INDEPENDENT LENS: Birth Of A Movement
Airs Monday, Feb. 6, 2017 at 11 p.m. on KPBS TV
Wednesday, February 1, 2017
Credit: Courtesy of Birth of a Movement, Northern Light Productions 2016
Learn how D.W. Griffith’s 1915 "The Birth Of A Nation" sparked a dialogue on racism that continues today.
Over 100 years after the release of D.W. Griffith’s “The Birth of a Nation,” which depicted the KKK as heroes and African Americans in the most racist caricatures imaginable, the battle to assert African Americans’ rightful place in both civil society and popular culture continues.
In the wake of the “#OscarsSoWhite” controversy, the rise of the Black Lives Matter movement, and increasing social and political turmoil, “Birth Of A Movement” traces the line between Griffith’s controversial epic and Hollywood’s continued legacy of misrepresentation and negative racial stereotypes.
Based on the book, “The Birth of a Movement: How Birth of a Nation Ignited the Battle for Civil Rights,” by Dick Lehr, the film features interviews with historians, writers, and filmmakers including Spike Lee, Reginald Hudlin, Jelani Cobb, Vincent Brown, and Henry Louis Gates, Jr. Narrated by Danny Glover, “Birth Of A Movement" premieres on INDEPENDENT LENS Monday, Feb. 6, 2017 on PBS.
D. W. Griffith’s film, originally titled “The Clansman,” opened in 1915, as America was celebrating the 50th anniversary of the Civil War. Although virulently racist, the film — a powerful retelling of Reconstruction that portrays the Ku Klux Klan as righteous vigilantes restoring America to greatness — was lauded in the press, and became the first film ever to screen in the White House. It was seen by a quarter of America’s population and transformed Hollywood and the history of cinema.
“Birth Of A Movement” recounts the little-known story of the battle waged against the film by an early and largely forgotten civil rights activist named William Monroe Trotter. Angered by the film’s unrepentant racism, Trotter led African Americans in a pitched battle against the film’s exhibition that culminated with protests in the streets of Boston, laying the foundation for the civil rights movement to come.
As the first African American Phi Beta Kappa graduate of Harvard University, Trotter decried the film as a flagrantly racist glorification of the Klan, and as a dangerous and powerful new form of propaganda that would lead to the lynching of African Americans. Together with W.E.B Du Bois, Trotter founded the Niagara Movement, a national network of black activists that would grow into the NAACP.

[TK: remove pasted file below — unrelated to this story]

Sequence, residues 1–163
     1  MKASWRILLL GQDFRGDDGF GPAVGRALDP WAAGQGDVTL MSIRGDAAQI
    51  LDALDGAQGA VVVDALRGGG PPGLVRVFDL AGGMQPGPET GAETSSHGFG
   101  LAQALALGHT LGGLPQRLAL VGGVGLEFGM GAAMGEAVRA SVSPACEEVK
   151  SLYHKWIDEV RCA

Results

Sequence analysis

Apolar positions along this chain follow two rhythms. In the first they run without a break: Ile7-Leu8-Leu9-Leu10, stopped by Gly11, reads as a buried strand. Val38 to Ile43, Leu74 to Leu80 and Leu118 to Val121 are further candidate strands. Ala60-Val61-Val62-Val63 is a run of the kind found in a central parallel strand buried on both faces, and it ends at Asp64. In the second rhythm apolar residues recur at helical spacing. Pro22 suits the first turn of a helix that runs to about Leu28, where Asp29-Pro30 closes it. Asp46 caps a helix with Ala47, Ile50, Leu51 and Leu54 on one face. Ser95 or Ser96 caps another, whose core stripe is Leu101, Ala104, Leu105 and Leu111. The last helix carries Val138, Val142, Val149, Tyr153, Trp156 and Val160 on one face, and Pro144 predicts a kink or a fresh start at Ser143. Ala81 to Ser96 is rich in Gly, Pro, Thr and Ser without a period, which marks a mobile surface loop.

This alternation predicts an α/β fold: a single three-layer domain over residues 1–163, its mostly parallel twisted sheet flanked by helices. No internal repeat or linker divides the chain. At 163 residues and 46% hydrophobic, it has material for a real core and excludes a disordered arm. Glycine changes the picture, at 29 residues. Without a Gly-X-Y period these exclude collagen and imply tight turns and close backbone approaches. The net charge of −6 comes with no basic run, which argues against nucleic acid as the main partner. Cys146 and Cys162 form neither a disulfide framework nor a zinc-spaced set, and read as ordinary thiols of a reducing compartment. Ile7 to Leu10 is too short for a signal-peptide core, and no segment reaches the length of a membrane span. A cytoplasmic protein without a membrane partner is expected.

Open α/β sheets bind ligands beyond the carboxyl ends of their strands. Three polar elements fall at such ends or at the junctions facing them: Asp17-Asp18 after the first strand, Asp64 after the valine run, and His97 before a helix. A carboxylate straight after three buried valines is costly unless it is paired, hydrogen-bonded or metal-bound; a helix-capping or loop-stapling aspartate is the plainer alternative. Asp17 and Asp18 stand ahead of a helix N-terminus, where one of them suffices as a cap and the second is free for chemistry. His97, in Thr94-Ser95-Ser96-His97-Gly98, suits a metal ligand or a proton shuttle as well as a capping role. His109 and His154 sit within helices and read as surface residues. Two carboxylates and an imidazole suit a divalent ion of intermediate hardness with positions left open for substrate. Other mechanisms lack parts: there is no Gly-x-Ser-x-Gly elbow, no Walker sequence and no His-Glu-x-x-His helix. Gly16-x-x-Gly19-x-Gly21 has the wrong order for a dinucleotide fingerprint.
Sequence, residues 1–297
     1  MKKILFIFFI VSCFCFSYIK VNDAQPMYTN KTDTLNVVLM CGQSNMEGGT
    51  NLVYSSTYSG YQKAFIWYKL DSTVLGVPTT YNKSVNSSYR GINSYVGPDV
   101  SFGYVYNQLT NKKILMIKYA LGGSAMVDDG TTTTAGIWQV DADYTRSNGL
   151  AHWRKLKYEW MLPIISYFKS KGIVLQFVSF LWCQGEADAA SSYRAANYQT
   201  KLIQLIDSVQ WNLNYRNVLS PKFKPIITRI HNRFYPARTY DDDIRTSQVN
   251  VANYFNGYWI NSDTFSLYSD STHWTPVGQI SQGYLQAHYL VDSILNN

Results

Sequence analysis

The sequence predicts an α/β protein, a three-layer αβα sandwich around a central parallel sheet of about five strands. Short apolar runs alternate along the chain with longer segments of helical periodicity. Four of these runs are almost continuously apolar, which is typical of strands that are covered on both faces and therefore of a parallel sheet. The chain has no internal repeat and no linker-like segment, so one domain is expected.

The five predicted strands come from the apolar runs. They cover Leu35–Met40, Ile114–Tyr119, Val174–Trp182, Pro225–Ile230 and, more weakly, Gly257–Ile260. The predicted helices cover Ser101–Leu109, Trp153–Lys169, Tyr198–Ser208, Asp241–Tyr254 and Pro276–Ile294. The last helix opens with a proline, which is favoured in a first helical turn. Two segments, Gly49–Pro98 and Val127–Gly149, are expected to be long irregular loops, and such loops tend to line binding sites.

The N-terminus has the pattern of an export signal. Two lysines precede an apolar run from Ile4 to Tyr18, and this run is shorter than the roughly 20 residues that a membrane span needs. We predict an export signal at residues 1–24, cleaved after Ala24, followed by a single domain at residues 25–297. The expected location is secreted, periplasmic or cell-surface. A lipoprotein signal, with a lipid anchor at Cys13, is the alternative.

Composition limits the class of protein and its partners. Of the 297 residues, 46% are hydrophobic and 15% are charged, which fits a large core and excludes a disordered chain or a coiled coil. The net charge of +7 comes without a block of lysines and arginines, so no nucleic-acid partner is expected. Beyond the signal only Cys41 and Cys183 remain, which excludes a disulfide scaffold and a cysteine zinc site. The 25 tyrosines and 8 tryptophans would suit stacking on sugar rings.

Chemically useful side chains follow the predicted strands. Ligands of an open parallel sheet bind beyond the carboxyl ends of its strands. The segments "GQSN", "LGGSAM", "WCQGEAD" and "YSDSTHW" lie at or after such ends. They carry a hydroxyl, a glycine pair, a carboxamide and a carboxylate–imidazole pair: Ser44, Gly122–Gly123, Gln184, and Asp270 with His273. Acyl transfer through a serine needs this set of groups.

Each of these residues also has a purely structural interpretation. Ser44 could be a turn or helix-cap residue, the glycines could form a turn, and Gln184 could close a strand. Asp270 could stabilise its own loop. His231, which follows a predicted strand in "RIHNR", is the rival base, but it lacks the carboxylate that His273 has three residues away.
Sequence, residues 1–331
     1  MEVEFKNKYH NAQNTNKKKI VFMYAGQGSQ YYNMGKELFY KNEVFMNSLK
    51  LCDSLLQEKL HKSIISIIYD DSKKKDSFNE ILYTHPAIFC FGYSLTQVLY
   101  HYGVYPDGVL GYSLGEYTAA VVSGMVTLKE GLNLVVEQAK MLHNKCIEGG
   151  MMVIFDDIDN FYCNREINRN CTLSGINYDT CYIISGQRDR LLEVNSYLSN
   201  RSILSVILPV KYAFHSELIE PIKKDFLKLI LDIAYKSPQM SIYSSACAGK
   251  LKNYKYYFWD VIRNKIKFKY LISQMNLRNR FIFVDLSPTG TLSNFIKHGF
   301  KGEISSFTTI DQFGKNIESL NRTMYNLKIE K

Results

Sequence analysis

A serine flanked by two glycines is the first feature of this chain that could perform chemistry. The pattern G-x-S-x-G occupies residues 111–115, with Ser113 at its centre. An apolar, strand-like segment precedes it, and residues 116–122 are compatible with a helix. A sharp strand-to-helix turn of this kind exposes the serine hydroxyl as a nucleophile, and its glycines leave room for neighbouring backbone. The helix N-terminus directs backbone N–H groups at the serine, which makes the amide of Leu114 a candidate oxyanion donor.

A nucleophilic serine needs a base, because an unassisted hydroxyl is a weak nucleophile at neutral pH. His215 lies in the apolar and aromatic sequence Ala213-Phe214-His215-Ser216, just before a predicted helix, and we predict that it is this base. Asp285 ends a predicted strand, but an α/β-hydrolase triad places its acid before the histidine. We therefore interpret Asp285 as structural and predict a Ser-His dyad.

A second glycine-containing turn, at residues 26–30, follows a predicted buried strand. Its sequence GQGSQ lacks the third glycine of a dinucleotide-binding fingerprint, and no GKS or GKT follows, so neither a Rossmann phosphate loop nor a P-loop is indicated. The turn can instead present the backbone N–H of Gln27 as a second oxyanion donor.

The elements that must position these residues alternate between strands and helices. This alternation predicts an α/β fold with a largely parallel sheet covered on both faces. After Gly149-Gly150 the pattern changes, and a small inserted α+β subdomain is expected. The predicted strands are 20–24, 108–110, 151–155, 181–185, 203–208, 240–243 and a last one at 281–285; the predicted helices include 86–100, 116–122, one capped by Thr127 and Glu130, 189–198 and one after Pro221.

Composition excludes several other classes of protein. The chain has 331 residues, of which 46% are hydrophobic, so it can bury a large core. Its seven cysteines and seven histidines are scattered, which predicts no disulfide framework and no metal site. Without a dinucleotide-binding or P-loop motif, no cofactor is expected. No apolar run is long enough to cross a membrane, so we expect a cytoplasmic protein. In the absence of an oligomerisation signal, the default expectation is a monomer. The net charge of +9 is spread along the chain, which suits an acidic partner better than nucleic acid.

Ironically, it was Trotter who called for censorship of “The Birth Of A Nation” to control “hate speech,” while Griffith advocated for freedom of artistic expression. Ultimately, Trotter would lose the battle as the film went on to become the first financial blockbuster and established racial stereotyping as a bankable trope. His fears that the film would unleash racial violence proved true; the film is credited with inspiring the rebirth of the Klan which, by the 1920s, was bigger than ever before.
Through interviews with Spike Lee (whose NYU student film “The Answer” was a response to Griffith’s film), Reginald Hudlin, DJ Spooky, and others, “Birth Of A Movement” explores how Griffith’s epic — long taught in film classes as a groundbreaking work of genius — motivated generations of African American filmmakers and artists as they worked to fight and reclaim their history and their onscreen image.
"How much power can one movie assert? Since its release, Griffith's ‘The Birth of a Nation’ has had a profound impact on the film industry and our society," said Lois Vossen, INDEPENDENT LENS executive producer. "At a time when the Black Lives Matter movement and a radically different new movie titled Birth of a Nation are at the forefront of many urgent conversations, it is imperative to look back at the history surrounding the original film and the contentious protests and riots it sparked."
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A presentation of Northern Light Productions, in association with THIRTEEN Productions LLC for WNET. Producers: Susan Gray, Bestor Cram and Matthew MacLean. Directors: Susan Gray and Bestor Cram. Editor: Daniel Mooney. Writers: Kwyn Bader and Dick Lear. Associate Producers: Malaika Woluchem and Amy Shafer.
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